“He was not a great king but he was respected as a most Christian one” | David Carpenter on Henry III
David Carpenter talks to David Musgrove about the second part of his biography of King Henry III, and the extraordinary revolution that removed him from power in 1258
This is the second volume of a two-part biography of Henry III, covering the period 1258 down to the king’s death in 1272. The year 1258 saw revolt against the king, so had Henry’s reign gone well up to this point?
King Henry III would have said that he had given long years of peace to England, linked to an absence of foreign war. He was a pacific king as well as a most Christian one. He had none of the cruelty and irreligion of his father, King John. He gave huge alms to the poor, attended multiple masses, and, most importantly, was rebuilding Westminster Abbey in honour of his patron saint, Edward the Confessor.
Henry had accepted Magna Carta, and his financial exactions (though still resented) were far lower than John’s as a result. His critics, though, saw him as a simple-minded, naive king who had plunged into ill-advised projects, including trying to place his second son on the throne of Sicily. In his open-handed way, Henry had also given gigantic rewards to his foreign relatives, thus creating tensions at court and divisions with his English subjects.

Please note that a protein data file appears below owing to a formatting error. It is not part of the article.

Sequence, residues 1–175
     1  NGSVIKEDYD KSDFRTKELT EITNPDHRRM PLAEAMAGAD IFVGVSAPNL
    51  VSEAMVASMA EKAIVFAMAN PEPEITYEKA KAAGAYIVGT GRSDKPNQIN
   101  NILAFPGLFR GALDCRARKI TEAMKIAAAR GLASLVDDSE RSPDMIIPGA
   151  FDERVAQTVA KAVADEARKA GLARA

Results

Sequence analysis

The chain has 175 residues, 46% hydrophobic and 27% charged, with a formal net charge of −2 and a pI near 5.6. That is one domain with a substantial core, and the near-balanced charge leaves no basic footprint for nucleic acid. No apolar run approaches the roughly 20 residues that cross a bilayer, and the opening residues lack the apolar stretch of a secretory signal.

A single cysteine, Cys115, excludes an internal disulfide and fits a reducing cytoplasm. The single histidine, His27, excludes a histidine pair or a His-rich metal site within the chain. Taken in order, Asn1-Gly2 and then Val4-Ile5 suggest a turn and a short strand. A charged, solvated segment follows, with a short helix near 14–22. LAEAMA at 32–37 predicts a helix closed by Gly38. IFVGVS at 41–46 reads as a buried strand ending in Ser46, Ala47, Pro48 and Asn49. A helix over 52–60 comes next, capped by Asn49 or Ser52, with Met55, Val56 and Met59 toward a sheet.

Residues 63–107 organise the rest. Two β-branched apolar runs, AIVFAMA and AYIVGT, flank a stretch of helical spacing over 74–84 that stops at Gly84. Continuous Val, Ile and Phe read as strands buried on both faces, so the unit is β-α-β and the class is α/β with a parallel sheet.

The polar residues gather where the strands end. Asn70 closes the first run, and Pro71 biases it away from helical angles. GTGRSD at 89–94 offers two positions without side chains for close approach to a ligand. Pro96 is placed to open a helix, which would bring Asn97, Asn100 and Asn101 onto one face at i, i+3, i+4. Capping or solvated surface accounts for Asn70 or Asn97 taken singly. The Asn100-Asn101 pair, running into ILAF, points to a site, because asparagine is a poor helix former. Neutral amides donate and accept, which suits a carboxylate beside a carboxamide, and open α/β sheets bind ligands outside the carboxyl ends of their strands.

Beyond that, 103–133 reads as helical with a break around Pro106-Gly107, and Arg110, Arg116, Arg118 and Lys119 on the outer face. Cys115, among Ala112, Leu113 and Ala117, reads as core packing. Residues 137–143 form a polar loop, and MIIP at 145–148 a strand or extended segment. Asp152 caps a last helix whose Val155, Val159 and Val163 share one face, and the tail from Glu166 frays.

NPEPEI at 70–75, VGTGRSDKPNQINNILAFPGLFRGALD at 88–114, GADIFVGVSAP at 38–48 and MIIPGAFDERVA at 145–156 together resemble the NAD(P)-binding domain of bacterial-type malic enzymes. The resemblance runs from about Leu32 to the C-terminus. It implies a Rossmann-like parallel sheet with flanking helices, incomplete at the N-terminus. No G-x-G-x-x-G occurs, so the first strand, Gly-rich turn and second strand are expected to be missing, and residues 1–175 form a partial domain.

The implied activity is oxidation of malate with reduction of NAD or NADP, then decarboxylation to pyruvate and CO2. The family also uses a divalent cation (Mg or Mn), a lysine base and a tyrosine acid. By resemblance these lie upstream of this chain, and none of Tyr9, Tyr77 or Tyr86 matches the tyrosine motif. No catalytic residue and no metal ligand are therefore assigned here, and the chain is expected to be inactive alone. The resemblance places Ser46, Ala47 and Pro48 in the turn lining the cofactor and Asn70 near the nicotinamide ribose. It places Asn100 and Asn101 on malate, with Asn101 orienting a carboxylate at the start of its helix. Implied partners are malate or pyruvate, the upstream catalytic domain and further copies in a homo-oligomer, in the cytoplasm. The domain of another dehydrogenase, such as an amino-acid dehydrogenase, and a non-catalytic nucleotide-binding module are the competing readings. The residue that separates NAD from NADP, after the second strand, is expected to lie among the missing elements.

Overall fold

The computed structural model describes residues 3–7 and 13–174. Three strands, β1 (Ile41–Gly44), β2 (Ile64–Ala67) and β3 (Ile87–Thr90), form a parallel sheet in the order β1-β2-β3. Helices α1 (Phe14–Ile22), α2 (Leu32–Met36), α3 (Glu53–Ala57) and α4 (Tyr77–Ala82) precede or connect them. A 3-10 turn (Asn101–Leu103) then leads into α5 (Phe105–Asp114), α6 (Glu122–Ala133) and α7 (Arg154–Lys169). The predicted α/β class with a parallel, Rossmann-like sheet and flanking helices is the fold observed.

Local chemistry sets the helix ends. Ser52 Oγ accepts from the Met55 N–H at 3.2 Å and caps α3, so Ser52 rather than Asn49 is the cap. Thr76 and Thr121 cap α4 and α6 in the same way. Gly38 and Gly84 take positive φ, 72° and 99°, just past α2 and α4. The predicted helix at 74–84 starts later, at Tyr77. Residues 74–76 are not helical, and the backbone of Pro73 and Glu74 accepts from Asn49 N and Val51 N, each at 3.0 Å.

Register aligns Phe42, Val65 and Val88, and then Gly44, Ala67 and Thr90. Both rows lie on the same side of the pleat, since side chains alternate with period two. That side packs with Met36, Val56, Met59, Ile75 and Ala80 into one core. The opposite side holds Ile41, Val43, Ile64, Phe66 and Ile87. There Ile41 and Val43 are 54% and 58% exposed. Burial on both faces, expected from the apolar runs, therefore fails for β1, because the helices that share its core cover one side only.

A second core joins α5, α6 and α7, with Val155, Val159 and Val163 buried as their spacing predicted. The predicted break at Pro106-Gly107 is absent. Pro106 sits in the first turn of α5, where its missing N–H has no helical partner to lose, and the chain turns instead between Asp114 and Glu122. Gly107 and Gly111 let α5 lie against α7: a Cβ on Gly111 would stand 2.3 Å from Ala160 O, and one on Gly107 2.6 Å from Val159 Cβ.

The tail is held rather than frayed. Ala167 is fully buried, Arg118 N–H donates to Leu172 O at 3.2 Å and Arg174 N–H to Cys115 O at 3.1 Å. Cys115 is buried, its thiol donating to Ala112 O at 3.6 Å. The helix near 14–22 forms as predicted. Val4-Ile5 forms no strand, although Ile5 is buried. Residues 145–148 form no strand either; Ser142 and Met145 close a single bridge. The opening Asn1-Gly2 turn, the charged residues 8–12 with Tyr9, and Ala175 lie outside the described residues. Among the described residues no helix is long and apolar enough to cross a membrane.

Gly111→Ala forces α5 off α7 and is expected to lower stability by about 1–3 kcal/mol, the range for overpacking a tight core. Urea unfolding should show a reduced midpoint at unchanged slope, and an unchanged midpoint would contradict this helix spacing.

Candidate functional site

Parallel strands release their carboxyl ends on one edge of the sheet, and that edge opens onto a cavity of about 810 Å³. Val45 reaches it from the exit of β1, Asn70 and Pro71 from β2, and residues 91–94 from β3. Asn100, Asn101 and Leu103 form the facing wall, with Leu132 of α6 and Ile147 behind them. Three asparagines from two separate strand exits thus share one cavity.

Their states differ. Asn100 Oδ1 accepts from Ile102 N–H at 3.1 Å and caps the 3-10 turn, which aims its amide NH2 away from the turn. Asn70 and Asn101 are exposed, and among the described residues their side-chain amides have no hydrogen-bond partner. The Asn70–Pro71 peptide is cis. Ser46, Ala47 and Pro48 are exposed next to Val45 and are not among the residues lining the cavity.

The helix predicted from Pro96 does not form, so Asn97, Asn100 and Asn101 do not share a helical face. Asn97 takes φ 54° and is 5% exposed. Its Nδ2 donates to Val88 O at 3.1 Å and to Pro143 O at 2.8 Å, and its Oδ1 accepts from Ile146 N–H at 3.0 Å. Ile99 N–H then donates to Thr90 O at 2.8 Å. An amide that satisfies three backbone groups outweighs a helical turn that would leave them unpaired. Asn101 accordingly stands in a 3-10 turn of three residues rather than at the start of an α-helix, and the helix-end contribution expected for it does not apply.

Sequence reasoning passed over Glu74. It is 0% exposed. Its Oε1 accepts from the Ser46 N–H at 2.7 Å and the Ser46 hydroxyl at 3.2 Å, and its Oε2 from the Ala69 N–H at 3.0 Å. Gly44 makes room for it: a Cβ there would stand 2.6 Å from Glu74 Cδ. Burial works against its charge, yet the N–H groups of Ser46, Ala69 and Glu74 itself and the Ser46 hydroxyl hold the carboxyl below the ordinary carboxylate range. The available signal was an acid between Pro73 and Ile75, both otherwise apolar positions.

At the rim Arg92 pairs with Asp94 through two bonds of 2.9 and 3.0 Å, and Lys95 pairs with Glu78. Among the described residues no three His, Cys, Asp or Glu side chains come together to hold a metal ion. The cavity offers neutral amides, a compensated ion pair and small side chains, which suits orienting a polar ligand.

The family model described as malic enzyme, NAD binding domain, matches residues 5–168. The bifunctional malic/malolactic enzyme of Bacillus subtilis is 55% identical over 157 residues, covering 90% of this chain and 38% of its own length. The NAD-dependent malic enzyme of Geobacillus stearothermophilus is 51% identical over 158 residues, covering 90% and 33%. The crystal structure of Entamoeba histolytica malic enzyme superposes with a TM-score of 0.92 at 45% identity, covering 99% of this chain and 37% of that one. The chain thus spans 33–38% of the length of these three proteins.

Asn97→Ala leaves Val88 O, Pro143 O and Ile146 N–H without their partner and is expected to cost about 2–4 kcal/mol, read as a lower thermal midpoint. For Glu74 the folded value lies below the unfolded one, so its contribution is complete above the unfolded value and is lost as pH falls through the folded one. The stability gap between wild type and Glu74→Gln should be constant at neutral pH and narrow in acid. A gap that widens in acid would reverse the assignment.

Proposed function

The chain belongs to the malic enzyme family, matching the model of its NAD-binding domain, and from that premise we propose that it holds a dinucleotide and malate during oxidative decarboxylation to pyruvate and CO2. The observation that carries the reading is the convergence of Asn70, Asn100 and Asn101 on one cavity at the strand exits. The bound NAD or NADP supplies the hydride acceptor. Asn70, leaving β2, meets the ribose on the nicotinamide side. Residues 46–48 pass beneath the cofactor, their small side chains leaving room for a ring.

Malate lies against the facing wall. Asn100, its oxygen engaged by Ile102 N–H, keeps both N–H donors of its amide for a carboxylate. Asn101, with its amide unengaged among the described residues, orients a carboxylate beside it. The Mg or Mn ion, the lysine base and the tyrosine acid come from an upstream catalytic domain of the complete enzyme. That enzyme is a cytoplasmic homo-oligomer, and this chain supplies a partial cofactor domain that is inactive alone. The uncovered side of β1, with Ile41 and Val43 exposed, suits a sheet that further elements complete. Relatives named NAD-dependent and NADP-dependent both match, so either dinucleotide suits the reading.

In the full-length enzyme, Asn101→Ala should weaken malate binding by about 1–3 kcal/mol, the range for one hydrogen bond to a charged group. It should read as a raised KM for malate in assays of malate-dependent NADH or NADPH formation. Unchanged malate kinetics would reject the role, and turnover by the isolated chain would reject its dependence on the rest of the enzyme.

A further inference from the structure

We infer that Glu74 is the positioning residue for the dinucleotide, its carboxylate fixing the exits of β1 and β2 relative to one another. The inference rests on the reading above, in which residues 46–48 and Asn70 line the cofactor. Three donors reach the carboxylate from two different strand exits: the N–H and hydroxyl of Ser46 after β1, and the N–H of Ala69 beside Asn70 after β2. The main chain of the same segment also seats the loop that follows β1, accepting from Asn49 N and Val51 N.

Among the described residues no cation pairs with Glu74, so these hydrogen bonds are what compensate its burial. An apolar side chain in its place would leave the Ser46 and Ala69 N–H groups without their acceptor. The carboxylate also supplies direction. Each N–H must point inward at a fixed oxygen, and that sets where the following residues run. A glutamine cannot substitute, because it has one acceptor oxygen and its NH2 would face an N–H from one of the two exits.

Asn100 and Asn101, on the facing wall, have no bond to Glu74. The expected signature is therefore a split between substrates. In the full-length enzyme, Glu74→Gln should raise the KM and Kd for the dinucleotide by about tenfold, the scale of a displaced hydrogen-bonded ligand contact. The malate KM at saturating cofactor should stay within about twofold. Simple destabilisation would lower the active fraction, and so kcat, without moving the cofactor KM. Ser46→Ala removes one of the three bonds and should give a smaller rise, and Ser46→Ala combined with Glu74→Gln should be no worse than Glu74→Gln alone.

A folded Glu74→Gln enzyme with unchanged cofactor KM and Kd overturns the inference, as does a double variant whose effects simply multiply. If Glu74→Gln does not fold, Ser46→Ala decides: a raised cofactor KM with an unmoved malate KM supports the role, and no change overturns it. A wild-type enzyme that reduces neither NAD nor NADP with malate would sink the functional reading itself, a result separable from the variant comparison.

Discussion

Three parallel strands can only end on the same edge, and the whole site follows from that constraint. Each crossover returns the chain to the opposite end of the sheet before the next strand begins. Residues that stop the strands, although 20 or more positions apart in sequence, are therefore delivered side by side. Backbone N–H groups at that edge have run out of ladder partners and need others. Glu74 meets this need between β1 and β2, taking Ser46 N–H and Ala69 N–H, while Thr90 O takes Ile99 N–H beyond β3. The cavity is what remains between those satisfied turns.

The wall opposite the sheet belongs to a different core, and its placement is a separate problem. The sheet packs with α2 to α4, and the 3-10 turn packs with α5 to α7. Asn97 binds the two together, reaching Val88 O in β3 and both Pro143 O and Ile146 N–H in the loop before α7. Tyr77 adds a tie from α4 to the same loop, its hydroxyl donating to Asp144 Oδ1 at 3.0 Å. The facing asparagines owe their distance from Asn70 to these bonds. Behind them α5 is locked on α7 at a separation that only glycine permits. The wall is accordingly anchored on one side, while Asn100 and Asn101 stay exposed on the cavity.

And Henry, politically unaware, had failed to reform local government. This meant his sheriffs and judges had become increasingly oppressive. Magnates, too, had been allowed to expand their local power. If there was peace, it seemed to be peace with injustice. So when we get to 1258, there was revolution in the court of Henry, with one group of courtiers turning on another, led by Henry’s half-brothers from Poitou.
You state that Henry is less central to volume two than to volume one. Who is the key figure in this story?
The central character is Henry III’s brother in-law Simon de Montfort, Earl of Leicester, one of the most extraordinary people to have ever dignified and defiled – at the same time – English history. He is central to the seizure of power in 1258, in which a baronial council took over the government of the kingdom in a revolution far more radical than Magna Carta.
The sealing of Magna Carta in 1215 left King John in charge of central government. He could still appoint ministers and pursue what policies he liked. In 1258, a baronial council reduced Henry to a cipher and essentially then ruled the country. Simon de Montfort was integral to that.
- Read more | Simon de Montfort and the barons’ crusade: why rebel lords waged holy war against Henry III
Montfort became even more central after 1261, when Henry recovered power. At that point Montfort left England, only to return in 1263. Between his great victory at Lewes in May 1264 and his death at the battle of Evesham in August 1265, he was the real ruler of the country. He was the first magnate to seize power and govern the kingdom. He was also the first populist leader in English history because he had a wonderful political sense of the issues that would resonate with the public.